U.S. rabbis to run Jerusalem Marathon to raise funds for at-risk youth

The participating rabbis have thus far raised $78,000 for Kav L'Naor.

American rabbis with Kav L'Noar running the Jerusalem marathon (photo credit: DANA LAURA LAVIE)
American rabbis with Kav L'Noar running the Jerusalem marathon
(photo credit: DANA LAURA LAVIE)
Ten North American rabbis are set to participate in the Jerusalem Marathon this Friday, to raise money for Israeli at-risk youth.
This is the second consecutive year American rabbis will run the 10-km. race of the annual marathon, via a program called RabbisCanRun launched by not-for-profit organization Kav L’Noar across North America.
The organization helps youth at risk in Israel and their families build the relationships and skills they need to secure a more positive future.
The participating rabbis have thus far raised $78,000 for the organization.
Aside from supporting and raising awareness about a worthy cause, the initiative also seeks to encourage community rabbis to improve their health.
Program coordinator and social worker Rabbi Meir Kaniel, from New Jersey, says the activity is a unique one for rabbis, and thus has managed to garner significant attention.
“I don’t know any rabbis that are running marathons – most rabbis I know are out of shape and probably not as healthy as they should be,” Kaniel told The Jerusalem Post on Wednesday.
“So when you say rabbis are running a marathon, people look at you like you’re crazy, and that’s part of what helped us draw attention to our campaign.”
He started running some five years ago, when he was suffering from back and neck pains.
“My rabbi encouraged me to start running, and in eight months I went from not being able to run around the block to being able to run for an hourand- a-half. For me it was a tremendous accomplishment,” he told the Post.
Another participant, Rabbi Eliezer Hirsch of the Mekor Habracha Congregation in Philadelphia, was diagnosed last year with Young-onset Parkinson’s disease last year, a longterm degenerative disorder of the central nervous system that mainly affects the motor system.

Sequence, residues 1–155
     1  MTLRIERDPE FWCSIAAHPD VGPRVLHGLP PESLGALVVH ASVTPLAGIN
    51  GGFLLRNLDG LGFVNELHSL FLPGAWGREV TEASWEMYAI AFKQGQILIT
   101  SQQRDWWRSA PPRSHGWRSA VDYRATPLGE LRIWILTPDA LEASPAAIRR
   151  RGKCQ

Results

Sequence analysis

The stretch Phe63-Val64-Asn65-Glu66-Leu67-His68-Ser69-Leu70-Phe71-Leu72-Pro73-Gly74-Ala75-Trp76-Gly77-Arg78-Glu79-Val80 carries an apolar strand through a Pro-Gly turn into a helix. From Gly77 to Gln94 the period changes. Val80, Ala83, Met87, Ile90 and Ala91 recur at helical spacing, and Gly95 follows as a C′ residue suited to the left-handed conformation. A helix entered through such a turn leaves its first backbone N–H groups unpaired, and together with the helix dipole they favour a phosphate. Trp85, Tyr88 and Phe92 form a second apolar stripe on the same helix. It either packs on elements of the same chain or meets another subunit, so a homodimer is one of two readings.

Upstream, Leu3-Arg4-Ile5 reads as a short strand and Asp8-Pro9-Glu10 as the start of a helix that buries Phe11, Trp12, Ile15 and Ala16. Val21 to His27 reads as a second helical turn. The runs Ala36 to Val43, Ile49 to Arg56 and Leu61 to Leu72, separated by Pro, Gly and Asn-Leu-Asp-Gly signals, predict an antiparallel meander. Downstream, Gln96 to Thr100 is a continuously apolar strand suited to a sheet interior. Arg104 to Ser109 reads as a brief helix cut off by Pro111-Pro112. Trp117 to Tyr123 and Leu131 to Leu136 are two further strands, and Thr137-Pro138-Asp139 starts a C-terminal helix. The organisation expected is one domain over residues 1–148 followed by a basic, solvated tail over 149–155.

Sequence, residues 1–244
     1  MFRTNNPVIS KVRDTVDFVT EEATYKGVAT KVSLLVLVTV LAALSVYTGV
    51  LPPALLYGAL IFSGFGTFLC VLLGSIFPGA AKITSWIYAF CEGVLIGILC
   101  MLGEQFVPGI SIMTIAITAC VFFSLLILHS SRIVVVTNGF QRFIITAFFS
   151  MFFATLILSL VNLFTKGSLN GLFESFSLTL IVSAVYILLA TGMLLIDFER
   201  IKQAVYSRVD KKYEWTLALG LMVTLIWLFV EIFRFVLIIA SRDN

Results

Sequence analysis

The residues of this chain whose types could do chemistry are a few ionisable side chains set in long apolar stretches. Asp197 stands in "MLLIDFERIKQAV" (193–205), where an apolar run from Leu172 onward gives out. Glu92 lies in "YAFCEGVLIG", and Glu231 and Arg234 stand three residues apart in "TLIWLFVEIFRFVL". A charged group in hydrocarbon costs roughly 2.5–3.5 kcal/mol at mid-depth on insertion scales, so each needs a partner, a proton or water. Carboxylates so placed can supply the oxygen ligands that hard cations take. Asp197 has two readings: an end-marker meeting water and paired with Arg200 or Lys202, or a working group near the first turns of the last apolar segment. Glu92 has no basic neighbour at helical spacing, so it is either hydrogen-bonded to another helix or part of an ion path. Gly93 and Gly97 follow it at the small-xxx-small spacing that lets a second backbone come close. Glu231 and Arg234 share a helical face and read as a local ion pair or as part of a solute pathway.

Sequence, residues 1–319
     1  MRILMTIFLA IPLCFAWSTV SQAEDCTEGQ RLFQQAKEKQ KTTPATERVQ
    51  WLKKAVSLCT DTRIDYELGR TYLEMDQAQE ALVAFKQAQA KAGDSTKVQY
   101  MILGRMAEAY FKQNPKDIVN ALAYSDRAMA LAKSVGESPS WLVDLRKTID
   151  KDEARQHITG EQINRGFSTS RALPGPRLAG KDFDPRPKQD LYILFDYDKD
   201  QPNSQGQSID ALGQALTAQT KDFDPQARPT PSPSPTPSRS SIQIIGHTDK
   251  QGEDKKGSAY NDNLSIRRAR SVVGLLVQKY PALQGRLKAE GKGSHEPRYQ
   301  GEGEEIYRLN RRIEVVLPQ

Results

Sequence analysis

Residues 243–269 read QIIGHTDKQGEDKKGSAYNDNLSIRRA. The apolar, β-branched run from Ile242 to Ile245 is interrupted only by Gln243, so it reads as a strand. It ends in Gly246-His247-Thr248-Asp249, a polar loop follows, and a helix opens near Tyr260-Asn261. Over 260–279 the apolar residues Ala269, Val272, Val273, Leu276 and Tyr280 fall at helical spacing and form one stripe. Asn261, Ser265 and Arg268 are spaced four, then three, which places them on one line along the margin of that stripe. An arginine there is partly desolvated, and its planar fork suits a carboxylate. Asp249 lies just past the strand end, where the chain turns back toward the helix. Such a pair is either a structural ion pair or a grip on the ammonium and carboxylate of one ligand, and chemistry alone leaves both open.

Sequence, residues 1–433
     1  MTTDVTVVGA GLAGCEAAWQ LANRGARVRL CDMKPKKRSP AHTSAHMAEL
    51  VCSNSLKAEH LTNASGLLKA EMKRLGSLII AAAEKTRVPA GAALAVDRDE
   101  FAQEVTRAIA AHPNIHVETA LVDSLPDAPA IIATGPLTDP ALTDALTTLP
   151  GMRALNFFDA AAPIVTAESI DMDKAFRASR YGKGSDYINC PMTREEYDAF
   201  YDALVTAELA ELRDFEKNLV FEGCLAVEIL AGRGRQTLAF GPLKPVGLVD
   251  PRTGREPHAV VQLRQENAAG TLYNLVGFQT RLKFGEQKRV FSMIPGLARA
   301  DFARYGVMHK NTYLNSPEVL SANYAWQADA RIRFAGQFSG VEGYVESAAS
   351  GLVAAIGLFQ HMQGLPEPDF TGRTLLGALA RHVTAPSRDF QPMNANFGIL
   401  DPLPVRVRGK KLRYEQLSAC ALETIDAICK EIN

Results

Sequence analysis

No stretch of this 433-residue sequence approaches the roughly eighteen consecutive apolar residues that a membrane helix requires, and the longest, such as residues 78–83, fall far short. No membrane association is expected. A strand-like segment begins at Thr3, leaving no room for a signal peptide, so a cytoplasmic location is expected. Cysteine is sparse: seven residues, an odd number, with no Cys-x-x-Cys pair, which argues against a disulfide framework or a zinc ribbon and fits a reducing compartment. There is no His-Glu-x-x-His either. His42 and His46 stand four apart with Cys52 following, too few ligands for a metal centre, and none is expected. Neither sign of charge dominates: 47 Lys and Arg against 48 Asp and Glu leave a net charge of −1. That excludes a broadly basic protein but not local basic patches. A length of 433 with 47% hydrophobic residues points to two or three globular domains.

Physical exercise and intense fitness is the recommended treatment to help slow the progression of this condition.
Hirsch was already spending many hours involved in physical therapy and strength training on a weekly basis, when he heard about the RabbisCanRun program, and decided to join.
Through the RabbisCanRun campaign, he is increasing awareness about the potential benefits of vigorous exercise to help others like him who are coping with Parkinson’s.
Kaniel remarked that the rabbis have been amazed at how well received their endeavor was by their congregations, inspiring members not only to be health conscious but to take up other challenges they may not have previously considered.
“People see things in black and white and see a rabbi and spirituality in the shul, and sport and running in the park,” said Kaniel. “So here we put the shul in the park and made people think – it makes a statement that Hashem is everywhere,” he continued, highlighting a connection between physical development and spiritual growth.
“Running can be used to come closer to Hashem,” he asserted.
Kaniel sees running as a powerful tool for personal growth.
“It gives you confidence and capacity to do other things that are difficult in life.... You understand that you are only using a small part of what you can do, and a whole world opens up,” he reflected.